Sen. Tom Lee, R-Brandon, said Thursday that the Senate did not expect the House to respond to their call to return to finish the session but plans to ask the Florida Supreme Court to declare the Florida House's actions unconstitutional to assist future legislatures and the "playbook that is developed by pundits."
“I don’t think anybody had any great expectation the house is going to rush back into session but there has been an historical precedential impact of what has taken place here this year,'' he said, in an interview Thursday on The Florida Channel. "As we know, there is a playbook that is developed by all the pundits that watch this process and there will be a time where someone will fantasize about doing this again and we want to make sure that future leaders know the constitutional impact to that.”
Lee suggested that "over the summer" the Senate request a “declaratory statement from the Florida Supreme Court. Not to say who is right or who’s wrong but to send a message to the Legislature about how the Constitution applies in these situations.”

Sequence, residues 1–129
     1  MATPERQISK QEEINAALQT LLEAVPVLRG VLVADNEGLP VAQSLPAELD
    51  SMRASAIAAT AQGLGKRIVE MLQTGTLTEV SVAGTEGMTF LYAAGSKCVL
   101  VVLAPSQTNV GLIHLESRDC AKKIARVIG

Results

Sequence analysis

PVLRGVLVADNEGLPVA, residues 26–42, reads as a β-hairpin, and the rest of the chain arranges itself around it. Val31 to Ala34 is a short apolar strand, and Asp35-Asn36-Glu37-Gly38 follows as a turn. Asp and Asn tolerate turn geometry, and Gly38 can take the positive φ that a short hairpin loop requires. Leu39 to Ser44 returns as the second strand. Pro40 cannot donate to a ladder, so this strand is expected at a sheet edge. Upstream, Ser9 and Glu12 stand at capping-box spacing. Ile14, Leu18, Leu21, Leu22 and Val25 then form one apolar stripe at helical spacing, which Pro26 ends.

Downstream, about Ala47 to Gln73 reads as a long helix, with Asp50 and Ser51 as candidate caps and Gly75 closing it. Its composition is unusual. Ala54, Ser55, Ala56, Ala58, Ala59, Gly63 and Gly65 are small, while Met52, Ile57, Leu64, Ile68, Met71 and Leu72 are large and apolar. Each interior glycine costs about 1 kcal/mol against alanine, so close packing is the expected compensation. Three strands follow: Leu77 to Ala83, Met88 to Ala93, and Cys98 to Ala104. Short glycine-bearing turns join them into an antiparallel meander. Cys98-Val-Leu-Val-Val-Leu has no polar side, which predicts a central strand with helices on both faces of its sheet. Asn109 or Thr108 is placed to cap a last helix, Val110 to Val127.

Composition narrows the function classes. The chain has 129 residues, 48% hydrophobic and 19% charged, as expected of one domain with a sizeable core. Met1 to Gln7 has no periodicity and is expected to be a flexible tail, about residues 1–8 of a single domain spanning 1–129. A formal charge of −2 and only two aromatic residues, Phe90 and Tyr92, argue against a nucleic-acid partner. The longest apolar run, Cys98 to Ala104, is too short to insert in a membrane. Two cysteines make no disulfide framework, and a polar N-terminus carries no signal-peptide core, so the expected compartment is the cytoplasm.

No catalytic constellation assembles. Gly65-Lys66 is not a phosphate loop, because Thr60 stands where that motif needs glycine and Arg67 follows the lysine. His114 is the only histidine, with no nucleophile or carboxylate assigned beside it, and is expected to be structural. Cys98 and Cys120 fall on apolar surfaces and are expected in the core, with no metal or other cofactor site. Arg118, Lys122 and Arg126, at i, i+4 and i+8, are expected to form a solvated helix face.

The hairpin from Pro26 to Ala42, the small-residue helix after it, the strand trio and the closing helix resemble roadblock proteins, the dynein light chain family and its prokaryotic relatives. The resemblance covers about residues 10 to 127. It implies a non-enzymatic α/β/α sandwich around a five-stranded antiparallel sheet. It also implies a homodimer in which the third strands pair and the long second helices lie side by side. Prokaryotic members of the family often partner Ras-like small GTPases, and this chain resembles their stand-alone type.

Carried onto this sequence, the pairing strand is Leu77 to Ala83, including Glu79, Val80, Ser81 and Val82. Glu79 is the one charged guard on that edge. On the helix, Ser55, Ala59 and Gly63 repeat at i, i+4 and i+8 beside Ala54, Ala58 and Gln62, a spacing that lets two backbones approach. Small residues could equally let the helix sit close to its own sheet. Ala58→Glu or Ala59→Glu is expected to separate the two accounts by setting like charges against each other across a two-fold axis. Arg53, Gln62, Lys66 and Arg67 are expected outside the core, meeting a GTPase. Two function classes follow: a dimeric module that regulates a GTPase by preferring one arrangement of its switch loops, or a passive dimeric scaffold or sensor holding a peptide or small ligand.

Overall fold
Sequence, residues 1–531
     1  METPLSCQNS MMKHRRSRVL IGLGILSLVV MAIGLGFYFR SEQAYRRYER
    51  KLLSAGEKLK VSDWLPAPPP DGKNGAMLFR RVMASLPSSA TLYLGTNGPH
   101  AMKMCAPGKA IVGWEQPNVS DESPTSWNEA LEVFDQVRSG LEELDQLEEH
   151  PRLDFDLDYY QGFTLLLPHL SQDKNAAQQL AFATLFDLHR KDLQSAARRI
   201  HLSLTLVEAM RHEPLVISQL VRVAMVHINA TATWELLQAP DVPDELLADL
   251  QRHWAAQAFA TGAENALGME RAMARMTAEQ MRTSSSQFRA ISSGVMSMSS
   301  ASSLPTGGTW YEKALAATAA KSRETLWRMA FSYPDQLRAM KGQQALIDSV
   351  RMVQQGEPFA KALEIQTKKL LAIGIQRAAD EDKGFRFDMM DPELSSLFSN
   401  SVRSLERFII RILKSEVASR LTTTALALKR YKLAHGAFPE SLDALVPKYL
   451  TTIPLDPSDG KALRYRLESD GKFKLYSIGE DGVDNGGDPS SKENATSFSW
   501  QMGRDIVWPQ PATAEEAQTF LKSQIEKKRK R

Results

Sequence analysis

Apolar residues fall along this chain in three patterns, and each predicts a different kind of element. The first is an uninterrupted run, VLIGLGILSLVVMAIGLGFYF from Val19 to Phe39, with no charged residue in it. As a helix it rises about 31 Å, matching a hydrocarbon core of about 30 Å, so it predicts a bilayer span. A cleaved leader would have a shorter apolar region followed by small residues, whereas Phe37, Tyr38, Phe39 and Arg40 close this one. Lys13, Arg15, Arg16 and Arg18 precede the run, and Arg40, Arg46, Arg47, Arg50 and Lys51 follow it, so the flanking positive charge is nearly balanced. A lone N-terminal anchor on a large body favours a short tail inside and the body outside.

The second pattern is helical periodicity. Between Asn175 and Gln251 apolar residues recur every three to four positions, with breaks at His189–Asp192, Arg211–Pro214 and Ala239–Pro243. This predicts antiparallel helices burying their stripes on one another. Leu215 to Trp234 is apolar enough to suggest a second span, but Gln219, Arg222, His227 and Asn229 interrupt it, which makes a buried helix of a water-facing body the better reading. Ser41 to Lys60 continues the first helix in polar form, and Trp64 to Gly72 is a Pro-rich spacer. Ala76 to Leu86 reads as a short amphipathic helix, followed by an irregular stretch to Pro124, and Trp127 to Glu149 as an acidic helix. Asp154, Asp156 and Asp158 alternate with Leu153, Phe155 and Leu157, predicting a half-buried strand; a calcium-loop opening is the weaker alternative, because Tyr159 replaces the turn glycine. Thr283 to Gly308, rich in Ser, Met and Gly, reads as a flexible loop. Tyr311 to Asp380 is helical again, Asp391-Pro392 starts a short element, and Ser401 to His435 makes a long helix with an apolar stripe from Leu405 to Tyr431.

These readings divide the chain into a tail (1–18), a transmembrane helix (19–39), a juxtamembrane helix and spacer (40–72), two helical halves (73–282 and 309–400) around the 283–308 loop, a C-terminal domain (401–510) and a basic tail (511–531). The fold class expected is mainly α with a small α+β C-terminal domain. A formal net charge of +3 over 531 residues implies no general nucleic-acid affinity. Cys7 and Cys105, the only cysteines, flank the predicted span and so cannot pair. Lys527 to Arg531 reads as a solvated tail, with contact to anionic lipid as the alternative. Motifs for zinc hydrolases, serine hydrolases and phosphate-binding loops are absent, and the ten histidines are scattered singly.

The Senate Democratic caucus may have done the job for him. They filed an emergency order with the court Thursday afternoon and, by the end of the day, the high court had ordered the Florida House to come up with a response by 10 a.m. Friday, which would have been the scheduled end of the regular session.
Senate President Andy Gardiner, also in an interview on The Florida Channel, also said that the Senate was considering filing a petition to get the court to weigh in on the question. "For future presiding officers, there really needs to be some clarity,'' he said.
He said that if ending early "becomes kind of the new norm that is really bad for the process,'' he said. "Whether you agree with the process or not, because it really just says to one chamber you either do what we do or nothing gets done."
He added: "I’m very proud of the senate that we didn’t take that bait."